Jesse Jackson and the Culture War

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Americans love to celebrate memorable anniversaries. Next month will be the 30th anniversary of the Reverend Jesse Jackson’s scurrilous anti-Semitic reference to New York Jews as “Hymies” and New York City as “Hymietown” in a January 1984 conversation with Washington Post reporter Milton Coleman. Jackson’s hateful remarks were later published in a WaPo story by another reporter, creating a nationwide outcry and condemnation of his callous, insensitive behavior. The Nation of Islam’s radical leader Louis Farrakhan, an aggressive anti-Semite, Holocaust-denier, and old Jackson ally, made a difficult situation worse by threatening Coleman in a radio broadcast and issuing a public warning to Jews, made in Jackson’s presence: “If you harm this brother [Jackson], it will be the last one you harm.” This time Jackson is playing Farrakhan’s incendiary role by fanning the flames of race hatred and bigotry directed at Duck Dynasty’s Phil Robertson.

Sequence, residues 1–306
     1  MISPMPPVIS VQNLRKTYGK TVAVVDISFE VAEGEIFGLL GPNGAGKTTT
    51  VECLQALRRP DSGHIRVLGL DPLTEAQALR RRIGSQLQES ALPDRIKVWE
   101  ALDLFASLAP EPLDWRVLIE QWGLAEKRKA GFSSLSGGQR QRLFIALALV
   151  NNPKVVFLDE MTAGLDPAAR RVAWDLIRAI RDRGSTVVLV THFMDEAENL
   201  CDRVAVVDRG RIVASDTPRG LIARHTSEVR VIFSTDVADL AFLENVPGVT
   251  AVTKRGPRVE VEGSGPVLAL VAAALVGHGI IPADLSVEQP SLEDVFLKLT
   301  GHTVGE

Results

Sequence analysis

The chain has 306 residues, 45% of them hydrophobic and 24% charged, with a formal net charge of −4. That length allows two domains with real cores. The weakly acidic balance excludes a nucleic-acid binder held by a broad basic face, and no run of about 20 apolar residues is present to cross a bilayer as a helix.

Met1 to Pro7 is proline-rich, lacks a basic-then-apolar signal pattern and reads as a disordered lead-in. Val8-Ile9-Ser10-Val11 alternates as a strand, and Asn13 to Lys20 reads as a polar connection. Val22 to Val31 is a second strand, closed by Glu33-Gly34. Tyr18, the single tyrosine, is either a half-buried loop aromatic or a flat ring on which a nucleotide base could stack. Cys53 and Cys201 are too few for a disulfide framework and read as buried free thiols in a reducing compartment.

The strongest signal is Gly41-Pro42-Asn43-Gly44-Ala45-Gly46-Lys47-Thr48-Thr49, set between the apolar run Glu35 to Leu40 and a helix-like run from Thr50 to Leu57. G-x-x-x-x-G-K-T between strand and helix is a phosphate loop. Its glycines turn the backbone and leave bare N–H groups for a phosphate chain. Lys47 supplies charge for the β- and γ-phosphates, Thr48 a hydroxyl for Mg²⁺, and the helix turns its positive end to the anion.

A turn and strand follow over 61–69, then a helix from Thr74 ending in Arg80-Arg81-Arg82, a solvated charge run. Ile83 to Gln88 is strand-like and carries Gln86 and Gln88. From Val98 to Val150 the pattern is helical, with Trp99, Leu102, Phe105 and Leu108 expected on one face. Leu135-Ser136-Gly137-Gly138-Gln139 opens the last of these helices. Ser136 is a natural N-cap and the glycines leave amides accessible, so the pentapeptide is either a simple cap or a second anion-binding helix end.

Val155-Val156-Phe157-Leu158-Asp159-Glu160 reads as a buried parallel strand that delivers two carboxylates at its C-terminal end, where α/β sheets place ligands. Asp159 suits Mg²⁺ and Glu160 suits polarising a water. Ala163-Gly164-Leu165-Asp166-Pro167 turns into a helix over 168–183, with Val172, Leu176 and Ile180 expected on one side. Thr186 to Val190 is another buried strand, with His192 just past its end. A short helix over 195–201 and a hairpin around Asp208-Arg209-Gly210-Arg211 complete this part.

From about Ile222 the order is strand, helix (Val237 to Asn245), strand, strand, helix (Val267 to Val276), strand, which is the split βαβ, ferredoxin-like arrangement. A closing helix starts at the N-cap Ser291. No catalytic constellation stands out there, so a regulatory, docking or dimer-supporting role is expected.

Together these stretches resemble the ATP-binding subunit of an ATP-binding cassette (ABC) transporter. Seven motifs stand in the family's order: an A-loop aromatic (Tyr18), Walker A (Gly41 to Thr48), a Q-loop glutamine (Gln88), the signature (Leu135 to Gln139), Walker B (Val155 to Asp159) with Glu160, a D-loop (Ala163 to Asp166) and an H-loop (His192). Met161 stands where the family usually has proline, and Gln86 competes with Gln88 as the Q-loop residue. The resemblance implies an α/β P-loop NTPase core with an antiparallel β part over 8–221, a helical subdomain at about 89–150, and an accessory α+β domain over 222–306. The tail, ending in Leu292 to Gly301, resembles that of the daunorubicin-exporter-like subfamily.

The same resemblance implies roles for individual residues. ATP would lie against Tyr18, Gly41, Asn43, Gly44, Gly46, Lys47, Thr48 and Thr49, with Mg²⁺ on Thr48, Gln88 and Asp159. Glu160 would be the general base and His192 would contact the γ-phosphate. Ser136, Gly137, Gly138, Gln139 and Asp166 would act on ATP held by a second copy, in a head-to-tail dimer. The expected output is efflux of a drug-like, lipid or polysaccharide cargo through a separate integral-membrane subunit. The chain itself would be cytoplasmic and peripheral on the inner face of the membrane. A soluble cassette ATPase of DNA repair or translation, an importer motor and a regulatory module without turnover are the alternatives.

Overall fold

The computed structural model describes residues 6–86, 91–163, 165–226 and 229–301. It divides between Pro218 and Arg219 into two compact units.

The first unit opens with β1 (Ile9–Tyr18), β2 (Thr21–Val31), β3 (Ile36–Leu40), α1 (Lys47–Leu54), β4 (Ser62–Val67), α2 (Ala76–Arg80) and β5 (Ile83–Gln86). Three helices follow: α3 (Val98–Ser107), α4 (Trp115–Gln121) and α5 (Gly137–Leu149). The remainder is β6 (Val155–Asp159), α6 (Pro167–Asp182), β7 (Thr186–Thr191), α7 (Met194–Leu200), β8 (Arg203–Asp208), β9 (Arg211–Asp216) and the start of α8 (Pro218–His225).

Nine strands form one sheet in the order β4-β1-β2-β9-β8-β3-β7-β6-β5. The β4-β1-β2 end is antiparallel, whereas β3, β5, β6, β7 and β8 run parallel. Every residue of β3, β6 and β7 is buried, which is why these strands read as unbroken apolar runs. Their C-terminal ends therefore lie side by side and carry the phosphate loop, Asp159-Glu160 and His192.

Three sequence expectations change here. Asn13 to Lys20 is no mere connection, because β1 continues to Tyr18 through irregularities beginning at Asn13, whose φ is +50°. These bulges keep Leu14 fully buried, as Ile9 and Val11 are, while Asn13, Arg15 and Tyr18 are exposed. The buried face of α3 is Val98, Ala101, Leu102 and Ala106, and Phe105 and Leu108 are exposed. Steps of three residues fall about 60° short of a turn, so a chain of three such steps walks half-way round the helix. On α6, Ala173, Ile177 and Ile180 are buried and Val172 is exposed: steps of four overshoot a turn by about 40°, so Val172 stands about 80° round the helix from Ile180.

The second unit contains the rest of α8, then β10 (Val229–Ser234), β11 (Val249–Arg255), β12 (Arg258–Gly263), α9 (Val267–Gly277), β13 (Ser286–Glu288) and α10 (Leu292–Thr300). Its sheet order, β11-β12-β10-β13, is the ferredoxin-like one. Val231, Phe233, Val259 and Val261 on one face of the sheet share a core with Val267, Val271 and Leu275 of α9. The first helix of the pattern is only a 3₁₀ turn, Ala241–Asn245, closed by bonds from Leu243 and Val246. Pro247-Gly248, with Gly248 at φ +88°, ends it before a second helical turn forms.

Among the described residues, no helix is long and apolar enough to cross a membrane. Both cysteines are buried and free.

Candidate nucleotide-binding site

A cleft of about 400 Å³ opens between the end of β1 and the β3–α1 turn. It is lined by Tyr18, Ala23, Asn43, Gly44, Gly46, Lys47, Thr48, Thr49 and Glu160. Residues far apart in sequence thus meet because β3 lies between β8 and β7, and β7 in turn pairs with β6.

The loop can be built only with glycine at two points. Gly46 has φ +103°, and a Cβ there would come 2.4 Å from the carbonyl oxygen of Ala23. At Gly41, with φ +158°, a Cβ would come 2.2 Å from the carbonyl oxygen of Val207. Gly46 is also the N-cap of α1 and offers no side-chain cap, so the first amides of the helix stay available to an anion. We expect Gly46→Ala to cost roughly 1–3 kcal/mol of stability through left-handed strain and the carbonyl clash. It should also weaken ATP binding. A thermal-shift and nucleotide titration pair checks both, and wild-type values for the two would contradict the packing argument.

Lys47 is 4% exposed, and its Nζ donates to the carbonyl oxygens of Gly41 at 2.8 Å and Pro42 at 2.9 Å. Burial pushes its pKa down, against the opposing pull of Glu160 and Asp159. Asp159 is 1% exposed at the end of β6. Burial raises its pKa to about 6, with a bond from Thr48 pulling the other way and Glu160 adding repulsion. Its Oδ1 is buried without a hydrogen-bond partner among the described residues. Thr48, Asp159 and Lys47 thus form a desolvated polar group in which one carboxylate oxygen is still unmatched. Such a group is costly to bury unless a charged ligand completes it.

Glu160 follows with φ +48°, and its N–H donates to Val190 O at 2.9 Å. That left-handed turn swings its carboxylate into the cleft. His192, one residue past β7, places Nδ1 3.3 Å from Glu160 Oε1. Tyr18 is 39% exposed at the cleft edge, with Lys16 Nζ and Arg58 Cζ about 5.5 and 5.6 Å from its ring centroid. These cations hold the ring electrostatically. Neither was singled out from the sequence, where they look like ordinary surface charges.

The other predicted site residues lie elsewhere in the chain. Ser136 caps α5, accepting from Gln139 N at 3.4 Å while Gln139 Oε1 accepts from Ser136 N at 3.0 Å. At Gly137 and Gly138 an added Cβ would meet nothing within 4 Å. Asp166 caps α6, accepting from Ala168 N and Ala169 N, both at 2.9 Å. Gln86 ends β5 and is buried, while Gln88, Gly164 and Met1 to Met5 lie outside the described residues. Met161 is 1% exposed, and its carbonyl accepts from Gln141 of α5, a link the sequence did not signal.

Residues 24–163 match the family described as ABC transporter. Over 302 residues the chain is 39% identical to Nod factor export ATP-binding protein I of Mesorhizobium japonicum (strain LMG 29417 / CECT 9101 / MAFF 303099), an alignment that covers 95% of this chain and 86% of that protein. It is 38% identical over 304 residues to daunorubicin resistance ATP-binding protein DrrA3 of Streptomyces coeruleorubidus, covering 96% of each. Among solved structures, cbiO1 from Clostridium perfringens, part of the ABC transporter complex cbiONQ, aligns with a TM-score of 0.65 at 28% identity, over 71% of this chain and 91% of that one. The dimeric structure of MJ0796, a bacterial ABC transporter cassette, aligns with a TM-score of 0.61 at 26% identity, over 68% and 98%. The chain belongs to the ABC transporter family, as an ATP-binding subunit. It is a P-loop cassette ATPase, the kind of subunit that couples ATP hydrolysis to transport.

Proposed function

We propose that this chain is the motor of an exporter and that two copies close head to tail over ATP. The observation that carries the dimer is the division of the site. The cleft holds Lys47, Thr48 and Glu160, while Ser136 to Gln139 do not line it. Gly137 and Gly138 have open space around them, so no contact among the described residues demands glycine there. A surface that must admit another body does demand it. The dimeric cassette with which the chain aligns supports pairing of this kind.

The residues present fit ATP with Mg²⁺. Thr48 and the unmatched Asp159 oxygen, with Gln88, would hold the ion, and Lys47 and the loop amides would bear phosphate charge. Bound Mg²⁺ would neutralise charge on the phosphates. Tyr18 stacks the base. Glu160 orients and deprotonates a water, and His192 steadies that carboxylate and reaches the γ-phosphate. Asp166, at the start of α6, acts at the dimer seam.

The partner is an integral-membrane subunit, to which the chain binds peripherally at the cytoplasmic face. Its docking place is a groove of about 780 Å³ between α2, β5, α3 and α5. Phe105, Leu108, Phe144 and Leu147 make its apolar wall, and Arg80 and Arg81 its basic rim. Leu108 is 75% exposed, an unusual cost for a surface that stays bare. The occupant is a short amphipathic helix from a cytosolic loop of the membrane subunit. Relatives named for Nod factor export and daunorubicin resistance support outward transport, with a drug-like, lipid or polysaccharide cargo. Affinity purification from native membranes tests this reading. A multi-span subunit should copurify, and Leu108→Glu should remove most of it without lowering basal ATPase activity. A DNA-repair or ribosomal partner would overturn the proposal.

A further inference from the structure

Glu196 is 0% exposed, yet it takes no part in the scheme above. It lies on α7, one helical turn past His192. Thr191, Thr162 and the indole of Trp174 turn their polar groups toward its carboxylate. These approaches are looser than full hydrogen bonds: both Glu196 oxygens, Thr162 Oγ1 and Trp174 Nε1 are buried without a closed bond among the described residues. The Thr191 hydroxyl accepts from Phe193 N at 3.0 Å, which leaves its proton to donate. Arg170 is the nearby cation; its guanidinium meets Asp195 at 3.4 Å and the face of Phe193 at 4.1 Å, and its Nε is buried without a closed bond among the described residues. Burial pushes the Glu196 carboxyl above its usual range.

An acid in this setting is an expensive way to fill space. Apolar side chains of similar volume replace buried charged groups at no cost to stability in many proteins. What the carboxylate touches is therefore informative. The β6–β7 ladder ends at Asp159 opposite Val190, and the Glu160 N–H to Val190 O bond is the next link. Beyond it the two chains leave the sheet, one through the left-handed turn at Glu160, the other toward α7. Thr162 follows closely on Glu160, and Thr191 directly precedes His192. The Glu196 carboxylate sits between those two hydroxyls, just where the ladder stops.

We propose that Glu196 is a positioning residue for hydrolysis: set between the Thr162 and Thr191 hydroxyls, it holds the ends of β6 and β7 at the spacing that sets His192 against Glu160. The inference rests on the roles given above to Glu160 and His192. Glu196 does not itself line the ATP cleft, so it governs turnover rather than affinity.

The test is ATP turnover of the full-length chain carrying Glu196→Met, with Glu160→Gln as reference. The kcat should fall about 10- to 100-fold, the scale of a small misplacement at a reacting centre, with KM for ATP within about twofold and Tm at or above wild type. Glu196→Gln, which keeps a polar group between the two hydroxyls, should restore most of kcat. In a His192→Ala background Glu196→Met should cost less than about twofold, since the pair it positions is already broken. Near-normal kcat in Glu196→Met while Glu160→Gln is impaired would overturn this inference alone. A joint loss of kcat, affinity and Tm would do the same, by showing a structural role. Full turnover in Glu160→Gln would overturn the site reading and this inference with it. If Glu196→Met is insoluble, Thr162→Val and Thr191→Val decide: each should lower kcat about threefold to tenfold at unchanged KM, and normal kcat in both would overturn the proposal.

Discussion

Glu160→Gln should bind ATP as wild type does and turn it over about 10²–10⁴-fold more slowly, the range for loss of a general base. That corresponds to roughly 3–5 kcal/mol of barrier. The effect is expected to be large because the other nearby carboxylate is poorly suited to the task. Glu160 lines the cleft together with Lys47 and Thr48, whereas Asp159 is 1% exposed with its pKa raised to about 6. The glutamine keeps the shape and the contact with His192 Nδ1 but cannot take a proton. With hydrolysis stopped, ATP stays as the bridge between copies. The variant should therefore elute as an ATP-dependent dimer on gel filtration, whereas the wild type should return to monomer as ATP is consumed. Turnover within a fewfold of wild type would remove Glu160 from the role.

This Culture War is America’s longest-running conflict, reaching back to the colonial settlement of the eastern seaboard.

Here is the always perceptive Jim Goad’s iconoclastic take on the A&E/Robertson Family controversy.

3:27 pm on December 25, 2013
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